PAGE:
behavior during this trip. Thirty miles past the Ecuador/Peru border I was
stopped for a passport, tourist card and transit pass (for the bike) check, but
in spite of police stops in nearly every village and town, Iíve always been
This checkpoint is different. At least a half dozen officers, with both
motorcycles and cars, stop everyone. Nobody is waived through. I stop as ordered
and produce my passport and transit card. The officer, in full uniform, helmet
and jack boots, addresses me in rapid-fire Spanish. Although I tell him several
times that I donít speak the language, each time my protests are met with
another two minutes of haranguing. While I understand few of the words he
speaks, his meaning is becoming crystal clear.
He points back down the road Iíve just come and pulls out his ticket book. Itís
obvious that Iím about to get a speeding ticket, even though the police are not
running radar and I saw the control point a half mile back, immediately reducing
my speed to about 30mph, below the legal limit.
Repeatedly I ask him to return my passport, which he does (a rookie mistake on
his part, I believe,) but then requests my license. I hand him the Washington
license (since cancelled) from my false wallet, and he then requests my
International Drivers License. I produce it. He points to my headlight as
another infraction. My original Washington drivers license is safely tucked away
in my primary wallet, and you can obtain an International drivers license at any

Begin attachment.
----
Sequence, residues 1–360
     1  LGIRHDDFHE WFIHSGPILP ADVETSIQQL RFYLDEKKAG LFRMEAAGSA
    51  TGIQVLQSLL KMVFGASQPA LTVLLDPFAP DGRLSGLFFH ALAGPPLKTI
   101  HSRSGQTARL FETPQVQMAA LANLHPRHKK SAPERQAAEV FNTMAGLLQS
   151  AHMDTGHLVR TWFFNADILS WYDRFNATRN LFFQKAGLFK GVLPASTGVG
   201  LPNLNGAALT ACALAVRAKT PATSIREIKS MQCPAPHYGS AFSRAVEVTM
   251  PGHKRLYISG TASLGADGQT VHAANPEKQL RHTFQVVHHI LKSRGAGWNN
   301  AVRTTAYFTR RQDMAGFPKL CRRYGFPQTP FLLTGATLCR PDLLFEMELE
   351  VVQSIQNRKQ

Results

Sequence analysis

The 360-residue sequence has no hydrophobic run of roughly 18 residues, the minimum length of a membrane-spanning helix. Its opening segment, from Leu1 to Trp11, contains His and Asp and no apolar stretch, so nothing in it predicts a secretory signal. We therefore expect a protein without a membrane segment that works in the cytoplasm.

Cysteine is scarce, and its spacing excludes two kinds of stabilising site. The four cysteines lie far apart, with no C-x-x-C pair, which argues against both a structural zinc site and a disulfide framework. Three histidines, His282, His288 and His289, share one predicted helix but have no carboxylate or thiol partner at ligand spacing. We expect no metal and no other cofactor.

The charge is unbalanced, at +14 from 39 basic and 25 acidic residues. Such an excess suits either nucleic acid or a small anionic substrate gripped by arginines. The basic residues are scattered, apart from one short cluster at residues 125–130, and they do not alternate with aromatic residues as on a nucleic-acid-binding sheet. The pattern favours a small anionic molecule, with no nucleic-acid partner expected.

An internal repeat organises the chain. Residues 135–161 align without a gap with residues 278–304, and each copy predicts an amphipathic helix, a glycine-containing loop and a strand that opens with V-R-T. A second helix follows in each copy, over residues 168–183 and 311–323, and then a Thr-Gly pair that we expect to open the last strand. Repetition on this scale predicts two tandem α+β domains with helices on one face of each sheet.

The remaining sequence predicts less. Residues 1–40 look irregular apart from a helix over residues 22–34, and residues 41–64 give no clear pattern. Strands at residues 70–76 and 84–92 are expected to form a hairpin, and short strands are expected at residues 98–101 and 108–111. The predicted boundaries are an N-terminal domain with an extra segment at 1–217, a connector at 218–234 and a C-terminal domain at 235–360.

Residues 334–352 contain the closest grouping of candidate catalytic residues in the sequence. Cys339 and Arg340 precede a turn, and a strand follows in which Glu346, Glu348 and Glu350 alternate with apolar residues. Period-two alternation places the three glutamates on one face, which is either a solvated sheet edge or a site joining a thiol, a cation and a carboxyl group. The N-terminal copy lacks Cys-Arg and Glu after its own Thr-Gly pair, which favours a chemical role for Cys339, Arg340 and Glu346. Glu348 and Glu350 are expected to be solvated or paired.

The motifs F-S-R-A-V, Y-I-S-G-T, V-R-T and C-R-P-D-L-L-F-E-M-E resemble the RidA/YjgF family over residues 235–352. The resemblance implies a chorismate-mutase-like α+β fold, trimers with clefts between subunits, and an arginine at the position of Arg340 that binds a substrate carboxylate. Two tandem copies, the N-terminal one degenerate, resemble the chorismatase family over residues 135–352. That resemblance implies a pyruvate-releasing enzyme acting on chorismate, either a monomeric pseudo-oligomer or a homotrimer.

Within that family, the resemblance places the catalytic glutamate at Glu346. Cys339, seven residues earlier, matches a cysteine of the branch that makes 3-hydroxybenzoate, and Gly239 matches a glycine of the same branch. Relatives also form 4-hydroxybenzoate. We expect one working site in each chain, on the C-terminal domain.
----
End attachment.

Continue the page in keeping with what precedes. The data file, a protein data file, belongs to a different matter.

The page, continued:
AAA office in the States for $15 and a Cheerios box top, so he has nothing of
Now Iím normally contrite with foreign police, who have the power to lock me up,
but the return of my passport has emboldened me, and quite frankly, Iím irate
about the trumped-up charges. Both the speeding and headlight charge are totally
bogus. ďNo, no, no,Ē I shout, pointing at the headlight, and shaking my head
vigorously from side to side.
He orders me off the road towards his parked motorcycle, about the size of my
luggage carriers, I mentally note with scorn. Repeatedly he points to his gas
tank and to mine, and with his fingers demands money.
Obviously this is not a ticket; rather, an outright shakedown. However, itís
gone on for about fifteen minutes. I demand the return of my cancelled license,
and amazingly he returns it. I donít give in to his demands for money. A few
more minutes pass, with us at a stalemate, and then he smiles and says, ďOK.Ē I
re-start my bike, not knowing if Iíll be allowed to leave, but he holds out his
hand, which I shake. He smiles and I slowly pull away.
A mile further down the highway I pull off the road to collect myself and settle
my frayed nerves.
miles later I stop where the highway begins its short decent into Puno. Itís my
first view of Lake Titicaca at 3,812m (12,500í) one of the highest navigable
lakes in the world. In the intense sunlight at this altitude, and over a mile
away, the lake is as blue as anything Iíve ever seen.
This will be lost on some of you, clear as crystal to others, but as a kid
growing up in the 60s, there was always some classmate who painted a dozen coats
of lacquer on his í57 Chevy, then polished it off with another dozen coats of
Simonize. You seemed to look three inches deep into the finish. Lake Titicaca is
that depth of blue.
With Lonely Planet as my guide I find a suitable hotel, then ride the Beemer up
two steps into the lobby. Another day on the road in South America.